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Batman #48 review: One of the weirdest Batman and Joker battles in recent memory. Just not in the way you think

Batman vs. Joker in the middle of a church. Surely an issue with a setup like this couldn’t fail to entertain?

Bat and Cat’s wedding is only two issues away, but first we meet the best man: the Joker!? Batman #48 features a knock-down, drag out battle between Batman and his arch-nemesis in the middle of a church — and contrary to what you might expect with a setup as surefire as that — it goes over about as well as a fart in the middle of prayer.

In my review for Batman #35, I talked about a conversation between Mark Waid and Tom King wherein the former offered some sage wisdom to the current Batman scribe: “More stories have been written about Batman than any other character in the history of anything… You just have to write the next one.”

The “next one” King’s going for will be, when all is said and done, the most enduring Batman/Catwoman love story we’ve ever seen and the benchmark for the Catwoman character for years to come. And I’m cool with all that. I just wish King didn’t have to depreciate Batman every other issue to get us to that point.

Admittedly, Batman #48 is compelling as hell from the jump. A well-crafted ten-panel opening page depicts a close-up of a man whose recitation of Psalm 140 King James Version is punctuated by loud bangs of gunfire. Unseen wedding-goers begging for their lives. As the man prays, he nervously eyes the gruesome carnage taking place off-panel; sweat, more and more, dapples his forehead; the camera zooms in tighter and tighter on his fear-stricken, grimacing face and then sweeps away in the final panel for a wide shot of an infamous white-gloved hand holding a revolver to the back of the man’s head.

It’s an opening they could hire Christopher Nolan to convert into cinematic form as a minute-long teaser trailer with no actual promise for a coinciding full-length feature film and I’d still set up camp outside Regal Cinema starting tomorrow to see it; right up there with Heath Ledger’s bank-heist unveiling in The Dark Knight. Then Batman crashes through the cathedral glass ceiling while Joker sings the 1966 Batman intro and makes sardonic remarks about Batman punching him — which presages how one of the weirdest Batman/Joker fights in recent memory goes down.

Not weird in the sense the fight undergoes some aberrant Lynchian twist or Morrison-esque Zur-en-arhh revival — but weird in the sense that the fight feels nothing like an actual Batman and Joker fight. Batman, early in the fight, after dropkicking Joker in the chest and immediately right hooking him across the jaw in the span of two panels, proceeds to high mount the Clown Prince of Crime — completely ignoring the fact that Joker is still holding his revolver, which he has pressed to his temple in an effortless manner a split second later. It’s the type of combat neglect you’d expect someone to make in their first mixed martial arts lesson at the local YMCA — not someone who has been punching far more coordinated and competent assailants into comas every night for the past fifteen years of his life. As my colleague David Brooke put it: “When the hell did Batman get so sloppy?”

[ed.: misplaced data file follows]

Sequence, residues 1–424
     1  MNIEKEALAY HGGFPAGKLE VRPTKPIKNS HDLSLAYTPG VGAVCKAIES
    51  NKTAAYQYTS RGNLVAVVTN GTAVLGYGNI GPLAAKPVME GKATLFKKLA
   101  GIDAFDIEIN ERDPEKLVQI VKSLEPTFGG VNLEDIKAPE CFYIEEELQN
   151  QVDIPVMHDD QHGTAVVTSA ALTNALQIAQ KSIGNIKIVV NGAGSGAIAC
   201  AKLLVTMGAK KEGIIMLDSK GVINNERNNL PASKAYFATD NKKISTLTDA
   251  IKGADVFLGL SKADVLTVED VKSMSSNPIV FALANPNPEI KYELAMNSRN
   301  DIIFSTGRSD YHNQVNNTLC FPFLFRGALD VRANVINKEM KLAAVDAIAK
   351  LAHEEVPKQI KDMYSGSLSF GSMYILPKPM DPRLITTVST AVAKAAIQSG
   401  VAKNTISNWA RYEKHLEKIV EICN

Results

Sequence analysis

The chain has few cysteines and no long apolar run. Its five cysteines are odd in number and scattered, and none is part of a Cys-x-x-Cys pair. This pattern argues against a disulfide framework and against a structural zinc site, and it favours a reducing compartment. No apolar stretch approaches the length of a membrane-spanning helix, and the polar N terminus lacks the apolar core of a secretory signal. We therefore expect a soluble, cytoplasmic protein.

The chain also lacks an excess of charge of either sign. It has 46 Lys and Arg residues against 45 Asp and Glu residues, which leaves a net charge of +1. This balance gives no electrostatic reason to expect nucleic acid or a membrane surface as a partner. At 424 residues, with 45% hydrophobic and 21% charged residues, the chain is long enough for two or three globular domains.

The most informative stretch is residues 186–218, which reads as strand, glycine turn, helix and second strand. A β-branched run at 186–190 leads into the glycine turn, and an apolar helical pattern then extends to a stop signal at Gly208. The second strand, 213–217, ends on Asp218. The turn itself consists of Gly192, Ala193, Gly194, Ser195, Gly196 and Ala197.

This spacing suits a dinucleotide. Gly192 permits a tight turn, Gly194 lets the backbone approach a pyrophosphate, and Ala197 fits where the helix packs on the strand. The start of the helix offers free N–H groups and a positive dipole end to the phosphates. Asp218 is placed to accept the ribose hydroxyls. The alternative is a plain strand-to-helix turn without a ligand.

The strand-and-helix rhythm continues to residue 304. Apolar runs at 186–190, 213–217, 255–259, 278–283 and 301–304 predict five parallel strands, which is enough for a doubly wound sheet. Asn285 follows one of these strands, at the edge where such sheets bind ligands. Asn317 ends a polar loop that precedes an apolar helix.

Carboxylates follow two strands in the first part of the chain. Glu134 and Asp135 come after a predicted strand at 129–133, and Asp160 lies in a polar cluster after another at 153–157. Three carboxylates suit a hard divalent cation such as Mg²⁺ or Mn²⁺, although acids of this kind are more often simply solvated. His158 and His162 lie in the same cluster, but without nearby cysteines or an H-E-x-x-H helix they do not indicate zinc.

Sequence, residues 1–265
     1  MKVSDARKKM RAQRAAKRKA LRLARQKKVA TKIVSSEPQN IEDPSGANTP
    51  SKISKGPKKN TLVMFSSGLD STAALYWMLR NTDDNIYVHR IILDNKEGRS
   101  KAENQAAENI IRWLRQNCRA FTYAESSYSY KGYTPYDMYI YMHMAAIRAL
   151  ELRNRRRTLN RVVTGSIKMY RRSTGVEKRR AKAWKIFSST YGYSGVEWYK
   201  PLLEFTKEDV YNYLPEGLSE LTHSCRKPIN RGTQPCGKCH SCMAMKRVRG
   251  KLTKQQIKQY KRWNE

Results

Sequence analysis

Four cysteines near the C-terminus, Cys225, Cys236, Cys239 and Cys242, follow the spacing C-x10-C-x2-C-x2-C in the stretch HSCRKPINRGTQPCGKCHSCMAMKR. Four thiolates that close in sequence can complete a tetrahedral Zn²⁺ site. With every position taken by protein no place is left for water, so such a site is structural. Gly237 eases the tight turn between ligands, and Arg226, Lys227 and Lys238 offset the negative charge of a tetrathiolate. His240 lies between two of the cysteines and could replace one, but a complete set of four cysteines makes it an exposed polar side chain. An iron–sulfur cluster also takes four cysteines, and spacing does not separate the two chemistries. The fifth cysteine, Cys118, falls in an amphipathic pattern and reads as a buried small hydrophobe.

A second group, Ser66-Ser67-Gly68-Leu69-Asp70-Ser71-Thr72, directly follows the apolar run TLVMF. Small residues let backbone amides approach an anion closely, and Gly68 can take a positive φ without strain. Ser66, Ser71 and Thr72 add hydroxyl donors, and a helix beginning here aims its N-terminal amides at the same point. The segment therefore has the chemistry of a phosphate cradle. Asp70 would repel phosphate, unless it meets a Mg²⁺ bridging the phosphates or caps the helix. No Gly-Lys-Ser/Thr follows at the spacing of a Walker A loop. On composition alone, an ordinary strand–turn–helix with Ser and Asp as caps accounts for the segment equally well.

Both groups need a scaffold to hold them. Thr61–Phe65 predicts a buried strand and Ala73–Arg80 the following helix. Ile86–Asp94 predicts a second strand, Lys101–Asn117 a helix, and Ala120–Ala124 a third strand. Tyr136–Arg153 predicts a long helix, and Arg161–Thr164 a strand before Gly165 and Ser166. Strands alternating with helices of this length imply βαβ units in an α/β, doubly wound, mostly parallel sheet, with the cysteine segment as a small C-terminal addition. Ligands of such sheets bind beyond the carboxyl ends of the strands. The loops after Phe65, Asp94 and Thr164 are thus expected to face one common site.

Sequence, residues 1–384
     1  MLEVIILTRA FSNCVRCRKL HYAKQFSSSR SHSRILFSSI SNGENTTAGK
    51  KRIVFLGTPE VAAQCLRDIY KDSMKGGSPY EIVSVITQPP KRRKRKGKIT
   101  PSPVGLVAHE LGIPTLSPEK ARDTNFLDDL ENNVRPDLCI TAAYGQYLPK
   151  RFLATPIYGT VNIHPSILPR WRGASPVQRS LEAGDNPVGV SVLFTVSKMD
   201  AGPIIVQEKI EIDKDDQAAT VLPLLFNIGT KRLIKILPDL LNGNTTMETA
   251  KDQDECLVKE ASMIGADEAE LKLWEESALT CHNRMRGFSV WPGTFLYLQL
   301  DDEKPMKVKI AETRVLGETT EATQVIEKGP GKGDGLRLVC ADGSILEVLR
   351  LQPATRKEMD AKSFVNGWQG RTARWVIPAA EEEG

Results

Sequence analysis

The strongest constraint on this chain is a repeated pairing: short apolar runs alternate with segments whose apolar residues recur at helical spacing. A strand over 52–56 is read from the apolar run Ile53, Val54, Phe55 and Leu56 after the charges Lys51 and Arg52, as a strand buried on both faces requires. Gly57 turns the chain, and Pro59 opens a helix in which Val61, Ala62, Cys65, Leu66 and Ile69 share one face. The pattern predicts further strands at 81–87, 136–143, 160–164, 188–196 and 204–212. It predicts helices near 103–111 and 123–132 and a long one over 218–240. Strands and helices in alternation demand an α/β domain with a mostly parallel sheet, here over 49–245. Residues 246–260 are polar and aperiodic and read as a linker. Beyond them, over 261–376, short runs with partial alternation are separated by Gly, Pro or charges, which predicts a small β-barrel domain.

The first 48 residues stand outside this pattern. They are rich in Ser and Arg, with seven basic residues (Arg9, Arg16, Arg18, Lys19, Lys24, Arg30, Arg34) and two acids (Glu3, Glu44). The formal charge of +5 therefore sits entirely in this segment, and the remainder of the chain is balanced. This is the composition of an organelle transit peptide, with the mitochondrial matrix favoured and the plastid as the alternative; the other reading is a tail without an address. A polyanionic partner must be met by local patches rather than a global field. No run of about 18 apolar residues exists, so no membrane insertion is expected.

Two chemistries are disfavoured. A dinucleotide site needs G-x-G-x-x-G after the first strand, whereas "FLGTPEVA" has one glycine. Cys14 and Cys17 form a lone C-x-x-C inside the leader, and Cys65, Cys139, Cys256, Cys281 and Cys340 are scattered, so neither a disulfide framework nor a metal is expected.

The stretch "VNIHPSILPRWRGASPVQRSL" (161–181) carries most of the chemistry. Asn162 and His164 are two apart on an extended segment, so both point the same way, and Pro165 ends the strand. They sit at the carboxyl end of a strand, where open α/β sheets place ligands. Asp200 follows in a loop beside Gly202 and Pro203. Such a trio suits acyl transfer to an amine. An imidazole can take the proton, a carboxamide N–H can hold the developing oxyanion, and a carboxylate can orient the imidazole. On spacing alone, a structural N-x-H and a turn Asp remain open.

I would have been willing to chalk Batman’s mistake to a veteran fighter letting his guard down for *just* a moment too long in a big fight. Upsets happen in boxing and MMA all the time, right? Only from there, the fight continues on in increasingly puzzling fashion; Joker pulls a ruse a few pages later that any other iteration of Batman would find a way to maneuver around with aplomb — this Batman however, falls for it, hook, line and sinker. At this rate, I expect a crossover featuring Athur from The Tick or the octogenarian version of Aunt May outgrappling Batman so Catwoman can come rescue him.

Which, again, brings us to Catwoman saving Batman instead of vice-versa. I have no problem with this. But do we have to make Batman an absolute dumb-ass to get there? I’m not asking for Bat-God 2.0 but Batman-with-IQ-in-the-50th-percentile isn’t too much to ask, right?

The dialogue isn’t my cup of tea either. The Joker is so busy making metatextual critiques of Batman’s modus operandi and edgelord matricide commentary that any sense of connection or animosity towards Batman during their scrape is just kind of… null. My colleague Dave even brought up the possibility that “maybe that isn’t Bruce Wayne fighting Joker or maybe it’s a dream sequence” — that’s how much the fight doesn’t feel like one between the time-honored arch-nemeses. In fact, you could almost substitute any B-tier street-level character from the DC Universe into Batman #48 and it would’ve felt much the same. Batman says what, all of one word throughout the entire issue? Compare that to the Joker, who speaks roughly the equivalent of Dostoevsky’s Crime and Punishment‘s word count.

I think, as I have in the past with King’s multi-part story arcs (like with Batman #40 for example), I’ll come to enjoy the concluding episode of “The Best Man” narrative more than I did the first. Notwithstanding, Mikel Janin (art) and June Chung (colors) do a fine job of bringing the issue to life. Batman crashing through the church ceiling is a pretty bad-ass spectacle and Janin’s Joker (just like he did in Batman #25) is befittingly tall, gaunt and terrifying — like Bolland’s The Killing Joke version. That being said, I just couldn’t get into this issue, which is too bad — considering how much the introduction drew me in. Guess we’ll have to rely on Rebirth Catwoman to save the day (both literally and figuratively), as is becoming custom in Batman, right?

Batman #48
Is it good?
Solid art from Janin and Chung.
The introduction is one of King's best yet...
Unfortunately, the rest of the issue pales in comparison.
Batman, why you so sloppy, bruh?

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